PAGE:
Thursday, April 28, 2022

Xerox (Original Home of) #AtoZChallenge

Only three more days in April, and only three more days to the Blogging from A to Z Challenge.  We have reached the letter X, which, for many A to Z'ers, is the most difficult letter.

I waffled, this year, between three different "X" words but settled on the word "Xerox".  You might say, "But you aren't living up to your theme, "From Florida to Vermont With Stops In Between".  

And you would be right, in a way.  But today, we are going to visit Rochester, New York, the third largest city in New York State.  Rochester has a historic connection with a "X" letter.

Rochester has a long and rich history.  Part of its history is industrial in nature.  Various companies started here, among them Eastman Kodak, Bausch and Lomb, French's (famous for their mustard) and a company originally called the Haloid Photographic Company.  Haloid manufactured photographic equipment and papers.

In 1938, the xerographic imaging process was invented by a physicist,  Chester Carlson in Queens, a borough of New York City.  Xerography is (according to Merriam-Webster) "a process for copying graphic matter by the action of light on an electrically charged photoconductive insulating surface in which the latent image is developed with a resinous powder (such as toner)."

The Haloid Company acquired the rights to xerography in 1947 and brought the process to commercial use so successfully that the company changed its name to the Xerox Corporation in 1961. Eventually, when people thought of Xerox, they immediately thought of office copy machines.  Growing up, I remember office copy machines being called (incorrectly, as this is not a generic name) "Xerox machines".

Although Xerox Corporation's ownership has changed over the years and is no longer headquartered in Rochester, Rochester itself remains an interesting city with many spots of beauty.  Let's visit some of them.

Cat at entrance of Warner Castle, a structure built in 1854 to resemble a Scottish castle.  Its sunken gardens are well worth the visit. 

Highland Park, September, 2016.  Their famed lilac festival begins in another week.  The park was one of several in Rochester designed by Frederick Law Olmsted, who also helped to design Central Park in New York City.

Tricolor beech in the park, one of many majestic trees in the park.

One of the several tortoises in the park's Lamberton Conservatory.  This one is a "repeat offender".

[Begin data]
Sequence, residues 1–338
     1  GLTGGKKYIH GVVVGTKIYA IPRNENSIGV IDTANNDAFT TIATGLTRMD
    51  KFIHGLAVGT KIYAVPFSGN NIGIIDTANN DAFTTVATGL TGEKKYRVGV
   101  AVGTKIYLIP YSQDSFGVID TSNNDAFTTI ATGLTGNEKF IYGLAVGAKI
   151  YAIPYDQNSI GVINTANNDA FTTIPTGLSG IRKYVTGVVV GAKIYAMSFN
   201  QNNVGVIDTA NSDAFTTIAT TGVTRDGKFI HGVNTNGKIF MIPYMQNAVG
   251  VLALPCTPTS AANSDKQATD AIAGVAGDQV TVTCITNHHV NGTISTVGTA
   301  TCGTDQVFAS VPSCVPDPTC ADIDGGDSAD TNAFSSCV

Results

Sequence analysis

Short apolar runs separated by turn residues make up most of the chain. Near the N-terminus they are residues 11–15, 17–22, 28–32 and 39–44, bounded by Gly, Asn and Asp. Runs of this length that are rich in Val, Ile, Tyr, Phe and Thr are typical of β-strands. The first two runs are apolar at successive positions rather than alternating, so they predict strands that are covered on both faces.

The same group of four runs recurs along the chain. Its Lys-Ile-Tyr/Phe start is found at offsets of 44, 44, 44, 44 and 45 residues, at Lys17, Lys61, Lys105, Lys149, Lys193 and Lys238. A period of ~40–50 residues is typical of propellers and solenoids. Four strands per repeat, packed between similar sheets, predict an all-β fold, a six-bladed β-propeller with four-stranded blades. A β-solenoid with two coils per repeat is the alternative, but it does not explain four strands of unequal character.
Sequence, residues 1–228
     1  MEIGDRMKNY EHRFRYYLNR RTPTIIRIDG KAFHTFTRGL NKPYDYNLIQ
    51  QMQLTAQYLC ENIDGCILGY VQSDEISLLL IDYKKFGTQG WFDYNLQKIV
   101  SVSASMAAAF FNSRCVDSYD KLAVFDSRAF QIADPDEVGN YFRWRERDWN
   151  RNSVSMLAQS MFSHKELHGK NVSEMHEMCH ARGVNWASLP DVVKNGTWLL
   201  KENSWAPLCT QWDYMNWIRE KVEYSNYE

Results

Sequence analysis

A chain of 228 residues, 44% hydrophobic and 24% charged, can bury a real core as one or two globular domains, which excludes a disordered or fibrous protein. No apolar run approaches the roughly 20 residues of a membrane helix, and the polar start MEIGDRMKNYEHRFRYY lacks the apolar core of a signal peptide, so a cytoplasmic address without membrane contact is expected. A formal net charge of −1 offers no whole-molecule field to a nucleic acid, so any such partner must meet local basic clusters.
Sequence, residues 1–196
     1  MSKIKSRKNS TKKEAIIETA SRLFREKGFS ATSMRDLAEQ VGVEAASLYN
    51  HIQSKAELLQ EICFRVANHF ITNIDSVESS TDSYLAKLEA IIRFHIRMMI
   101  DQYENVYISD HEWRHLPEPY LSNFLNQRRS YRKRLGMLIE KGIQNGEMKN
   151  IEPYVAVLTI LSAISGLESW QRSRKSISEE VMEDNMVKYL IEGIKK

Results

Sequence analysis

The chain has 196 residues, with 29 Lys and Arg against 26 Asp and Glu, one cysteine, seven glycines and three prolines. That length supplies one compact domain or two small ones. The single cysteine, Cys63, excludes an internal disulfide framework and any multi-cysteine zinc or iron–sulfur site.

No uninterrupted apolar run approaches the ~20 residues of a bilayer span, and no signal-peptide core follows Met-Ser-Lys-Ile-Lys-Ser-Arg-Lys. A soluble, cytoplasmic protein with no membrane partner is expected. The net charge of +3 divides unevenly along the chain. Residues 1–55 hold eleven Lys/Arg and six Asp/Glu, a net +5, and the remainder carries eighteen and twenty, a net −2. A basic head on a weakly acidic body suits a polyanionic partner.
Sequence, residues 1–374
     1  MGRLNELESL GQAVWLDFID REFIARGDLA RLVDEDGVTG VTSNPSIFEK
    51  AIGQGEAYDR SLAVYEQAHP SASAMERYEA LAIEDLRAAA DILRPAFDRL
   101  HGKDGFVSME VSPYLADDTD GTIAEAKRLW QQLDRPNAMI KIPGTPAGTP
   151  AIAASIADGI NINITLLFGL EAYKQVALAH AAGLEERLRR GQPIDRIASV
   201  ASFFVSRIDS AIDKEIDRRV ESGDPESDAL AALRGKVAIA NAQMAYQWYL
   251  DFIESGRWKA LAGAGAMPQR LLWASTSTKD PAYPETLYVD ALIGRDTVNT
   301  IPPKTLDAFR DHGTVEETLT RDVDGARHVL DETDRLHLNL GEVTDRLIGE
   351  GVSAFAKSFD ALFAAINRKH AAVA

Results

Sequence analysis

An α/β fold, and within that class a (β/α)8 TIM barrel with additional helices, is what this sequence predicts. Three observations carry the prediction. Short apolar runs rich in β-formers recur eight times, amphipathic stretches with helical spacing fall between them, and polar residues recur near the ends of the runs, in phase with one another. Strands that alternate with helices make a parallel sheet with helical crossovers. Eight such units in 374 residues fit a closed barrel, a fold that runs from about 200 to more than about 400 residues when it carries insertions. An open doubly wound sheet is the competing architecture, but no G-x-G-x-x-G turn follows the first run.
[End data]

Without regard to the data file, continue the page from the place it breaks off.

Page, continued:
Cactuses in Lamberton Conservatory.

Black Button Distillery, Rochester, which was founded by a grandson of a man who owned a button factory.  He wanted to participate in the family button business but there was just one problem - he was colorblind.

Grave of either Henry Lomb or John Jacob Bausch, Mt. Hope Cemetery

Mural inside a Rochester area store showing the Frederick Douglass–Susan B. Anthony Memorial Bridge.

Tomorrow, another post in New York State.  Join me for "Y" day tomorrow.


  1. Interesting history. I knew about Kodak but not Xerox

  2. ...familiar sights for me, but I don't know where the mural is.

    1. Inside the Pittsford Trader Joe's (or was, back in 2016). At the time I took the photo I was not aware of TJ's no photo policy so I didn't want to get too specific in publishing it.

  3. Replies
    1. You won't regret it, and it's only about 37 km from Palmyra.

  4. I looked up the sunken gardens at Warner Castle. Beautiful. Some sunken gardens are creepy to me, being built into old quarry pits. I have a thing about quarries with water in them. I always imagine never knowing how deep they are! Warner Castle's is the kind I like!

    1. The gardens are beautiful and the inside of Warner Castle (what I was able to see) is interesting, also.

  5. Xerox... I didn't know the history of this rather commonly used word in my life ever since I started getting photocopies of study material. What a cool way to stick to the theme and yet have an interesting post with X. Oh I just finished mine too... Tough one, right?

    Dropping by via A-Z challenge from

  6. Aced X! Well done. Loved the tortoise pic the most. Know someone who was at the Rochester Institute of Technology, but had no idea of Xerox's connection with the city. Thank you for broadening my horizons.

  7. Looks like an interesting town.

  8. If I'm right, my one client dad is from Rochester.
    Coffee is on and stay safe

  9. I was in Rochester years ago to visit Eastman Kodak. Unfortunately that was about the only thing I saw. That was the time that I fell asleep on the plane and woke up in my hotel room...


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